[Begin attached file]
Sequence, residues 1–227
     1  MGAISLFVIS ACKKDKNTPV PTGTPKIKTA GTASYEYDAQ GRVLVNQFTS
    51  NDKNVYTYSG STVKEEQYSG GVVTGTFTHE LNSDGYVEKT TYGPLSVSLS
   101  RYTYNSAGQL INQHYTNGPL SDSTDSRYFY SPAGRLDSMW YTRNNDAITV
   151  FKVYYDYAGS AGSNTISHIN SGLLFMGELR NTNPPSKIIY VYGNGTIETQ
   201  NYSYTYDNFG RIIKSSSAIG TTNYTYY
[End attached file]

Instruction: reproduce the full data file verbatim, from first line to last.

Sequence, residues 1–227
     1  MGAISLFVIS ACKKDKNTPV PTGTPKIKTA GTASYEYDAQ GRVLVNQFTS
    51  NDKNVYTYSG STVKEEQYSG GVVTGTFTHE LNSDGYVEKT TYGPLSVSLS
   101  RYTYNSAGQL INQHYTNGPL SDSTDSRYFY SPAGRLDSMW YTRNNDAITV
   151  FKVYYDYAGS AGSNTISHIN SGLLFMGELR NTNPPSKIIY VYGNGTIETQ
   201  NYSYTYDNFG RIIKSSSAIG TTNYTYY